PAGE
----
It was the coldest May day in 30 years, some other shivering cyclist told us. I doubt it got further than 8 degrees, with a vicious wind chill factor.
We were very lucky, however. The icy wind was at our backs for most of the 50 or so kilometres we rode and the rain didn’t set in till we could watch it sweeping across the lake from our hotel window.
It was a day for riding on the Swiss side of Lake Constance, between fields and farms, rolling on the cycleway beside the railway line (putting the bikes on the train was always an option if things turned nasty), and passing through half-timbered villages.
We stopped in Restaurant Schiff, Steckborn, for kaffee and snuff. As you do when cycling in the cold.
No, really they had a snuff machine for use by customers. I thought nobody had actually taken snuff since the eighteenth century, but in Steckborn they do it all the time, apparently.
You put your nose on the wooden thing on the right, release the hammer and it falls on a little seesaw and slams snuff up your nose. Then you wipe your nose with the brush. Mevrouw T tried it. Why this is considered fun is mystery to both of us.
We rode on, snuff-, kaffee-, bratwurst- and wind-assisted, and took a ferry across the water to Uberlingen.
The first thing anybody would notice arriving by boat is the fountain by sculptor Peter Lenk. It depicts local writer Martin Walser, wearing ice skates and riding a horse, supported by mermaids. His most popular book is called Runaway Horse. Herr Lenk has intrigued us.
We had to keep moving to beat the rain. It’s only a couple of kilometres back into Uberlingen, so tomorrow we’ll go and see more of the town.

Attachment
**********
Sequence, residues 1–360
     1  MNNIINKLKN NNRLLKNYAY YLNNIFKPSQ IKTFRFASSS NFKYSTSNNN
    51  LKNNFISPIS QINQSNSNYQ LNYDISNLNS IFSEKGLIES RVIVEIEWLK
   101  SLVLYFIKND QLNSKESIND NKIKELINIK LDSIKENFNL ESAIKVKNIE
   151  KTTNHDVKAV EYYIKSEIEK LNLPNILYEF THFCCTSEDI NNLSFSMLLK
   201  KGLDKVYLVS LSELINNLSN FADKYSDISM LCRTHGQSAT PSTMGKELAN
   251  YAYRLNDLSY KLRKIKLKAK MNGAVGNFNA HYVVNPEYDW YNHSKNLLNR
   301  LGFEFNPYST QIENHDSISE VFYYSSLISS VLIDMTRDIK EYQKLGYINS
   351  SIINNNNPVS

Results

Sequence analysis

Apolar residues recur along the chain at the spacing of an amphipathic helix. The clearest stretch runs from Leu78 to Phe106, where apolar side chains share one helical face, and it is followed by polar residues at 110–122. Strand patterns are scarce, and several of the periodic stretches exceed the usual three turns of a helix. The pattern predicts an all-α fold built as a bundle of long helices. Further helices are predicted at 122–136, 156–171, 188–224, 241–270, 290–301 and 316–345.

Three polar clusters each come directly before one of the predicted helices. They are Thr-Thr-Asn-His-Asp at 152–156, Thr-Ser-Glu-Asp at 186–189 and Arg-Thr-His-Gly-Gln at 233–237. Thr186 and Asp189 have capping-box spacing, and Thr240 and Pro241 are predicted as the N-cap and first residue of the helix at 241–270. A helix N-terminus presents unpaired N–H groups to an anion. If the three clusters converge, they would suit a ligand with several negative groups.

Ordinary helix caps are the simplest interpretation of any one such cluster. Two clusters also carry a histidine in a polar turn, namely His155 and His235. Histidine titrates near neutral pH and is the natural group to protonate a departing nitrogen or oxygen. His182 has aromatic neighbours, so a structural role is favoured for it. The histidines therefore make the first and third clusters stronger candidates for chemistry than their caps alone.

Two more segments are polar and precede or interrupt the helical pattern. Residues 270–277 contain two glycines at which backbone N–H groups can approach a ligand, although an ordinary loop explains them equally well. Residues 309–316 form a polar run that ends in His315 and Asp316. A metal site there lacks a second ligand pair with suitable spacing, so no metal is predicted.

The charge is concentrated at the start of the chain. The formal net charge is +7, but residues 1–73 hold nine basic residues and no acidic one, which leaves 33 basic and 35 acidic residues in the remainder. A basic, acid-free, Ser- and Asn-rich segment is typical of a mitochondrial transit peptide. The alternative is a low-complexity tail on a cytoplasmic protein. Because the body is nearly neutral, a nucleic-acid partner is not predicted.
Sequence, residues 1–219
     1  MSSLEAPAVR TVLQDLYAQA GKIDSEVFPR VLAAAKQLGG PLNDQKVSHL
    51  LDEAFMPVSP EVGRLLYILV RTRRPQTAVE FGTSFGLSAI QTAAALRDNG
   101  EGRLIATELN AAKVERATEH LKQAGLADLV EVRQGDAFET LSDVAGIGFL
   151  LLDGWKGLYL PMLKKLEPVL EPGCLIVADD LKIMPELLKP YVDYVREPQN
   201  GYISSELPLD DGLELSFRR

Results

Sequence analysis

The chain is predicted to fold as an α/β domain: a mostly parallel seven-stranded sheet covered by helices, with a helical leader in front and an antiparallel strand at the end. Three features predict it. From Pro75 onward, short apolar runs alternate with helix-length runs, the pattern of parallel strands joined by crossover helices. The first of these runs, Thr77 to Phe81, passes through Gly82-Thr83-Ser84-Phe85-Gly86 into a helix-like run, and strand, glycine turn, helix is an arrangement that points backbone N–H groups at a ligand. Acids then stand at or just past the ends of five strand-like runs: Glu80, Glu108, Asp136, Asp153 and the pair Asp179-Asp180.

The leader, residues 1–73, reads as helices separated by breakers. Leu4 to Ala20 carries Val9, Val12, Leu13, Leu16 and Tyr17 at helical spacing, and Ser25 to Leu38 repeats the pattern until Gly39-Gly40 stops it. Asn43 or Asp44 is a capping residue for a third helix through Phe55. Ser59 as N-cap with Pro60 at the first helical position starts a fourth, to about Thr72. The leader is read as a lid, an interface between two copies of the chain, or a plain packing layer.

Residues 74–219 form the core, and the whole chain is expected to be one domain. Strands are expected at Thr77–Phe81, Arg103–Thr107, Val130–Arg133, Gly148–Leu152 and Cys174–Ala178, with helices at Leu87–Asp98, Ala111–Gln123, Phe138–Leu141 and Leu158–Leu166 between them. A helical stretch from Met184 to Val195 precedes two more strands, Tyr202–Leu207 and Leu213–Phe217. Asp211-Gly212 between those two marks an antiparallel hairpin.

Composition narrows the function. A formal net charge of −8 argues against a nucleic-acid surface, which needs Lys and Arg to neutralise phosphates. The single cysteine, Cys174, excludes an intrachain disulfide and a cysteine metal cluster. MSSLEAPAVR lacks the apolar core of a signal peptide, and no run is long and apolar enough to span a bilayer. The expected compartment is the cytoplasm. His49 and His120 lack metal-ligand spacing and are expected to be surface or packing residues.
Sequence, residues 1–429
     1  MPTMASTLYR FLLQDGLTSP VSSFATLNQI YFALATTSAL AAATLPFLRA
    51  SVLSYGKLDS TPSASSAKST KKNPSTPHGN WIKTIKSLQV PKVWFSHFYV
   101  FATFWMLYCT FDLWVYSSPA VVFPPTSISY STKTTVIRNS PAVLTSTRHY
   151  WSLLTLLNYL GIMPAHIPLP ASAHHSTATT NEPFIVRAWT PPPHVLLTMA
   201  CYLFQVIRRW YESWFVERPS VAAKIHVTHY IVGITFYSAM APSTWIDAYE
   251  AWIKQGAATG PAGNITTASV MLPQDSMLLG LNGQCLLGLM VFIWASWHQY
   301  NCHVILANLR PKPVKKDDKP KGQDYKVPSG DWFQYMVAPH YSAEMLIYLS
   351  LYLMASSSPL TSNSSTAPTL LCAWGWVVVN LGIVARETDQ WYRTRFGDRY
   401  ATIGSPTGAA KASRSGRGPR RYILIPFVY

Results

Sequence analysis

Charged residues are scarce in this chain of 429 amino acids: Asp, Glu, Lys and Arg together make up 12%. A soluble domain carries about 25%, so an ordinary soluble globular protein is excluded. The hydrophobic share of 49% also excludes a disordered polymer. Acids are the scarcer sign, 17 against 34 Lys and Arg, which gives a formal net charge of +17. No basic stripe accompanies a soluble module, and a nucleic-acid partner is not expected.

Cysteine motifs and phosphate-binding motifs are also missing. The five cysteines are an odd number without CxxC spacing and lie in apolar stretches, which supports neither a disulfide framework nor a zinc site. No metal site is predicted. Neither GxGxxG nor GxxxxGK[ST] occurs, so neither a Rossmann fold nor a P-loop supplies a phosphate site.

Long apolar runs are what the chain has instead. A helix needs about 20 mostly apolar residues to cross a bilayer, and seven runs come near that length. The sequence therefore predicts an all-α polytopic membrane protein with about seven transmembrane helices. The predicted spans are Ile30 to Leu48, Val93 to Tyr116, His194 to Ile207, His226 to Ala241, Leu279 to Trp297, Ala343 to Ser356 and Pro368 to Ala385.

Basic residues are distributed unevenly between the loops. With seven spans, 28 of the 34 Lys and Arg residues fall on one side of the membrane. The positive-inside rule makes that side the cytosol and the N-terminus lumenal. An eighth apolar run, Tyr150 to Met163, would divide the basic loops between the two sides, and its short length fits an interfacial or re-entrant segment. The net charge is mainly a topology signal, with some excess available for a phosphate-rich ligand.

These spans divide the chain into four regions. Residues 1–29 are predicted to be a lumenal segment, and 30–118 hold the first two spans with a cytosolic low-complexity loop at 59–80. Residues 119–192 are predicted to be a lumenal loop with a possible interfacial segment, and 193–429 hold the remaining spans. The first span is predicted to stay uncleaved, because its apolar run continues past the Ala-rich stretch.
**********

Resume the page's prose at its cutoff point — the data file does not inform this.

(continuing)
The writer was the guest of Freedom Treks and was assisted by Bodensee Tourismus.
3 responses to “CYCLING LAKE CONSTANCE, DAY 2 – Stein to Uberlingen”
Shame about the weather. I visited Romanshorn by ferry from Friedrichshafen on route to Lichtenstein and I remember the lovely colours of the buildings. I remember wondering what it might have been like to be Swiss and watch Friedrichshafen burning the night allied bombers attacked it in WW2.
The snuff machine is fascinating. So glad you tried it. It would have been a shame come away thinking at it might be the answer to all your prayers. I thought the idea of snuff was to, well, snuff the stuff not have it snuffed for you. Maybe it was designed for snuff-addicts with emphysema. Is that a little computer monitor on it where you can program in the length of your nose and then select the force with which it delivers the goods?
The Kaffee and Bratwurst while sheltering from the wind and rain sounds appealing… but the snuff? Naaaaa…. Ick. 🙂